US6595056B2 (en) 2001-02-07 2003-07-22 Litton Systems, Inc Micromachined silicon gyro using tuned accelerometer
US6619121B1 (en) 2001-07-25 2003-09-16 Northrop Grumman Corporation Phase insensitive quadrature nulling method and apparatus for coriolis angular rate sensors
WO2003082673A1 (en) * 2002-03-28 2003-10-09 Honeywell International Inc. Inertial reference system for a spacecraft
US6873931B1 (en) 2000-10-10 2005-03-29 Csi Technology, Inc. Accelerometer based angular position sensor
US20050222805A1 (en) * 2002-12-23 2005-10-06 Kenneth Wargon Apparatus and method for producing a numeric display corresponding to the volume of a selected segment of an item
US20060098845A1 (en) * 2004-11-05 2006-05-11 Kyprianos Papademetriou Digital signal processing methods, systems and computer program products that identify threshold positions and values
US20060144282A1 (en) * 2005-01-03 2006-07-06 Casey Thomas P Amusement ride
US20070153631A1 (en) * 2005-12-29 2007-07-05 Jean-Paul Menard Six-component seismic data acquisition system
US20070177316A1 (en) * 2004-03-12 2007-08-02 Hotelling Steven P Dual axis vibration rate gyroscope
US20080221829A1 (en) * 2007-03-06 2008-09-11 Kenneth Wargon Apparatus and method for determining and numerically displaying a volume dependent characteristic of any unseparated part of an item

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CA1222880A (en) * 1983-12-05 1987-06-16 Robert E. Stewart Two axis multisensor

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US4445376A (en) * 1982-03-12 1984-05-01 Technion Research And Development Foundation Ltd. Apparatus and method for measuring specific force and angular rate

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US3744322A (en) * 1970-12-07 1973-07-10 Space Res Corp Angular velocity sensors

Cited By (35)

* Cited by examiner, † Cited by third party
Publication number Priority date Publication date Assignee Title
US4744249A (en) * 1985-07-25 1988-05-17 Litton Systems, Inc. Vibrating accelerometer-multisensor
US5392650A (en) * 1991-01-11 1995-02-28 Northrop Grumman Corporation Micromachined accelerometer gyroscope
US5168756A (en) * 1991-02-08 1992-12-08 Sundstrand Corporation Dithering coriolis rate and acceleration sensor utilizing a permanent magnet
US5241861A (en) * 1991-02-08 1993-09-07 Sundstrand Corporation Micromachined rate and acceleration sensor
US5243278A (en) * 1991-02-08 1993-09-07 Sundstrand Corporation Differential angular velocity sensor that is sensitive in only one degree of freedom
US5331853A (en) * 1991-02-08 1994-07-26 Alliedsignal Inc. Micromachined rate and acceleration sensor
US5627314A (en) * 1991-02-08 1997-05-06 Alliedsignal, Inc. Micromachined rate and acceleration sensor
US5396797A (en) * 1991-02-08 1995-03-14 Alliedsignal Inc. Triaxial angular rate and acceleration sensor
US5920011A (en) * 1991-02-08 1999-07-06 Alliedsignal Inc. Micromachined rate and acceleration sensor
US5383363A (en) * 1993-02-10 1995-01-24 Ford Motor Company Inertial measurement unit providing linear and angular outputs using only fixed linear accelerometer sensors
US5461918A (en) * 1993-04-26 1995-10-31 Ford Motor Company Vibrating beam accelerometer
US5703293A (en) * 1995-05-27 1997-12-30 Robert Bosch Gmbh Rotational rate sensor with two acceleration sensors
US5880680A (en) * 1996-12-06 1999-03-09 The Charles Machine Works, Inc. Apparatus and method for determining boring direction when boring underground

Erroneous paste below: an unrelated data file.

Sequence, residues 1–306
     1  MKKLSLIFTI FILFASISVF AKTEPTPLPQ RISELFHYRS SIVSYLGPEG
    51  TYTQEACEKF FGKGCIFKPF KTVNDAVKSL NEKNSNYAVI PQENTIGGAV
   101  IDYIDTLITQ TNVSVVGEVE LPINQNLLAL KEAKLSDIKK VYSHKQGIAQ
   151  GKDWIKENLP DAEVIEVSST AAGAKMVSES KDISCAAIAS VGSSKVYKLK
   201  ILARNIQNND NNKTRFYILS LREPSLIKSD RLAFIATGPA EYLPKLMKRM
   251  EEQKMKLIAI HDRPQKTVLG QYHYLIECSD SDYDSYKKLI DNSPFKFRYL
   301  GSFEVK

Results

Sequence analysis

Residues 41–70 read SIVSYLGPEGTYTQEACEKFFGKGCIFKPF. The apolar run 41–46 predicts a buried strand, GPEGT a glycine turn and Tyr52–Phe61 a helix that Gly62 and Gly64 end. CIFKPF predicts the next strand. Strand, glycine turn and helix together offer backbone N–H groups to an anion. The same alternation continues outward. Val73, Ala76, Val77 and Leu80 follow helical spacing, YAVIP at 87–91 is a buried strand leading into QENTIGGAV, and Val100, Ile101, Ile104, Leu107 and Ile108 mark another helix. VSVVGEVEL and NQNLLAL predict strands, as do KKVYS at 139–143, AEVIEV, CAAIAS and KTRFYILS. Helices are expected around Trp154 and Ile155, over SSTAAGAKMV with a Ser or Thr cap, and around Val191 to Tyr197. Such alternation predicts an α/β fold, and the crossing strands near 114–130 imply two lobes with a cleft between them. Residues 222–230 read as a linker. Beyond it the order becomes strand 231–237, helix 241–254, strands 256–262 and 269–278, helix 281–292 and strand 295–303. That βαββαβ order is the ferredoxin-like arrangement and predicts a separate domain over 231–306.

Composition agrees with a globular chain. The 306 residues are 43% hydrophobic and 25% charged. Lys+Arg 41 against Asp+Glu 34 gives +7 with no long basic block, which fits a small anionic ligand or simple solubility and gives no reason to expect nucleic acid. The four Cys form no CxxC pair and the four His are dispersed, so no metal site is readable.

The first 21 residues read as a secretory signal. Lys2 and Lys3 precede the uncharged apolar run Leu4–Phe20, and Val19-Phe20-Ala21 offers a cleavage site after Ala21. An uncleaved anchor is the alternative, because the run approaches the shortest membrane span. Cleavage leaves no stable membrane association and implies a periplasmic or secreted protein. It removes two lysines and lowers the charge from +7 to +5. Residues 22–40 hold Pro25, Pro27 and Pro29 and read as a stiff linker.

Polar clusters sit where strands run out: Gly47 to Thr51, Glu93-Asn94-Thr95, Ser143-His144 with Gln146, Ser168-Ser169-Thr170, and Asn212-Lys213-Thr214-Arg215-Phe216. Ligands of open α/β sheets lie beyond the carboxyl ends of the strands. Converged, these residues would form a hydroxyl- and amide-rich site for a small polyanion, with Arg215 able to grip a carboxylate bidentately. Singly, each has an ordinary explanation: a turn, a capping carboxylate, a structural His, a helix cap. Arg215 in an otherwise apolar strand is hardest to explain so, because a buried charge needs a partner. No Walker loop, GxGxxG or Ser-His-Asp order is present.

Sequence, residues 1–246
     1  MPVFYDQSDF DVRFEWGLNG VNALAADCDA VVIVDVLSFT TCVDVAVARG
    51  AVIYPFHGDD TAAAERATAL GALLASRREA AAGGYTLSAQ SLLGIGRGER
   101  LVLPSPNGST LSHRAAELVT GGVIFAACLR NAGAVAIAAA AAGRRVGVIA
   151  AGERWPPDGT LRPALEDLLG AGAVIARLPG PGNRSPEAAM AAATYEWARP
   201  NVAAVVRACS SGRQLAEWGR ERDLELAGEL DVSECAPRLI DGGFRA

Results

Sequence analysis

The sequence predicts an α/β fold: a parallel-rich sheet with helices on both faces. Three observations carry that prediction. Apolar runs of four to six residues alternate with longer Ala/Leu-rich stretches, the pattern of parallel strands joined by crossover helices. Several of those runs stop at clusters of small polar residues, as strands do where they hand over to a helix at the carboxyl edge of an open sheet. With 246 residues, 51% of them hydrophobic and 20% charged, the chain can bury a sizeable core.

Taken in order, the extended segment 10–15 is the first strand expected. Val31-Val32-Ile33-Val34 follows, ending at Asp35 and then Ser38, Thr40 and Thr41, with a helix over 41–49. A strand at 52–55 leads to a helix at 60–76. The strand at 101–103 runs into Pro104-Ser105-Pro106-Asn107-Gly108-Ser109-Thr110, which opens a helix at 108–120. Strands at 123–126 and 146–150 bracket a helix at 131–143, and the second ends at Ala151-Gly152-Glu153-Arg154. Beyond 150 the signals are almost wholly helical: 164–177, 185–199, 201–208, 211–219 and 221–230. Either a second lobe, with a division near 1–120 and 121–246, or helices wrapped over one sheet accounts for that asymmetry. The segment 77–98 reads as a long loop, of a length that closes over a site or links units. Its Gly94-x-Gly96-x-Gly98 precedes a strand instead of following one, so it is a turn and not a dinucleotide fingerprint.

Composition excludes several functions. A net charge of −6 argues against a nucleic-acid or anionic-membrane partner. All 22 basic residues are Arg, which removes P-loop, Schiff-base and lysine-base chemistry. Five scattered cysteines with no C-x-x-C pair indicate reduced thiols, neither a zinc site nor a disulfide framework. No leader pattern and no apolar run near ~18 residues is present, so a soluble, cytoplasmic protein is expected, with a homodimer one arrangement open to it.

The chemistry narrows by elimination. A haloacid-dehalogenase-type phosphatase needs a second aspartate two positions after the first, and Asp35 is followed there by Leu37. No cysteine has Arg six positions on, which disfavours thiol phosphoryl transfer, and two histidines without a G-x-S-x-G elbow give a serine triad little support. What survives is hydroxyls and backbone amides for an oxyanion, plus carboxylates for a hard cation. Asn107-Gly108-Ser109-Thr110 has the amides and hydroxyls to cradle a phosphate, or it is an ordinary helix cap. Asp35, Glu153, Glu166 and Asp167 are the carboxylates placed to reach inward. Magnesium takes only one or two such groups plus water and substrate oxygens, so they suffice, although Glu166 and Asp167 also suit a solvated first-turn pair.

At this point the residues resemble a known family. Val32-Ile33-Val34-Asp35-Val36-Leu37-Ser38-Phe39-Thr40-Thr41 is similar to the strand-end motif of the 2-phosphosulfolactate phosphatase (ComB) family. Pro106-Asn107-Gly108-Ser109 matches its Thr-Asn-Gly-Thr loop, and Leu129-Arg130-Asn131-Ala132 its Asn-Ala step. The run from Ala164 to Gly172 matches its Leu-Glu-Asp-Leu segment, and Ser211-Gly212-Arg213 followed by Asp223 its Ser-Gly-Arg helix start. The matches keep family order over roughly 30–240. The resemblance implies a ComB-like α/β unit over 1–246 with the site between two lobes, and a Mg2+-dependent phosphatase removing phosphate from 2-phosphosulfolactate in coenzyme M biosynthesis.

US5905201A (en) * 1997-10-28 1999-05-18 Alliedsignal Inc. Micromachined rate and acceleration sensor and method
US6873931B1 (en) 2000-10-10 2005-03-29 Csi Technology, Inc. Accelerometer based angular position sensor
US6595056B2 (en) 2001-02-07 2003-07-22 Litton Systems, Inc Micromachined silicon gyro using tuned accelerometer
US6474160B1 (en) 2001-05-24 2002-11-05 Northrop Grumman Corporation Counterbalanced silicon tuned multiple accelerometer-gyro
US6619121B1 (en) 2001-07-25 2003-09-16 Northrop Grumman Corporation Phase insensitive quadrature nulling method and apparatus for coriolis angular rate sensors
US6891498B2 (en) 2002-03-28 2005-05-10 Honeywell International Inc. Inertial reference system for a spacecraft
WO2003082673A1 (en) * 2002-03-28 2003-10-09 Honeywell International Inc. Inertial reference system for a spacecraft
US7010457B2 (en) 2002-12-23 2006-03-07 Kenneth Wargon Apparatus and method for producing a numeric display corresponding to the volume of a selected segment of an item
US20050222805A1 (en) * 2002-12-23 2005-10-06 Kenneth Wargon Apparatus and method for producing a numeric display corresponding to the volume of a selected segment of an item
US7460982B2 (en) 2003-01-16 2008-12-02 Kenneth Wargon Apparatus and method for producing a numeric display corresponding to the volume of a selected segment of an item
US20070177316A1 (en) * 2004-03-12 2007-08-02 Hotelling Steven P Dual axis vibration rate gyroscope
US7673510B2 (en) * 2004-03-12 2010-03-09 Thomson Licensing Dual axis vibration rate gyroscope
CN1954190B (en) 2004-03-12 2011-11-02 汤姆森特许公司 Dual axis vibratory rate gyroscope
US20060098845A1 (en) * 2004-11-05 2006-05-11 Kyprianos Papademetriou Digital signal processing methods, systems and computer program products that identify threshold positions and values
US7583819B2 (en) 2004-11-05 2009-09-01 Kyprianos Papademetriou Digital signal processing methods, systems and computer program products that identify threshold positions and values
US7172511B2 (en) 2005-01-03 2007-02-06 Casey Thomas P Amusement ride
US7402110B2 (en) 2005-01-03 2008-07-22 Casey Thomas P Interactive video game
US20060144282A1 (en) * 2005-01-03 2006-07-06 Casey Thomas P Amusement ride
US7474591B2 (en) * 2005-12-29 2009-01-06 Sercel Six-component seismic data acquisition system
US20070153631A1 (en) * 2005-12-29 2007-07-05 Jean-Paul Menard Six-component seismic data acquisition system
US7809522B2 (en) 2007-03-06 2010-10-05 Kenneth Wargon Apparatus and method for determining and numerically displaying a volume dependent characteristic of any unseparated part of an item
US20080221829A1 (en) * 2007-03-06 2008-09-11 Kenneth Wargon Apparatus and method for determining and numerically displaying a volume dependent characteristic of any unseparated part of an item

Also Published As

Publication number Publication date Type
JPS6073362A (en) 1985-04-25 application
CA1215244A (en) 1986-12-16 grant
DE3431608C2 (en) 1987-04-30 grant
BE900482A (en) 1984-12-17 grant
GB2145825A (en) 1985-04-03 application
FR2551553A1 (en) 1985-03-08 application
BE900482A1 (en) grant
GB8422025D0 (en) 1984-10-03 grant
DE3431608A1 (en) 1985-04-04 application
CA1215244A1 (en) grant
NL8402553A (en) 1985-04-01 application
GB2145825B (en) 1986-07-30 grant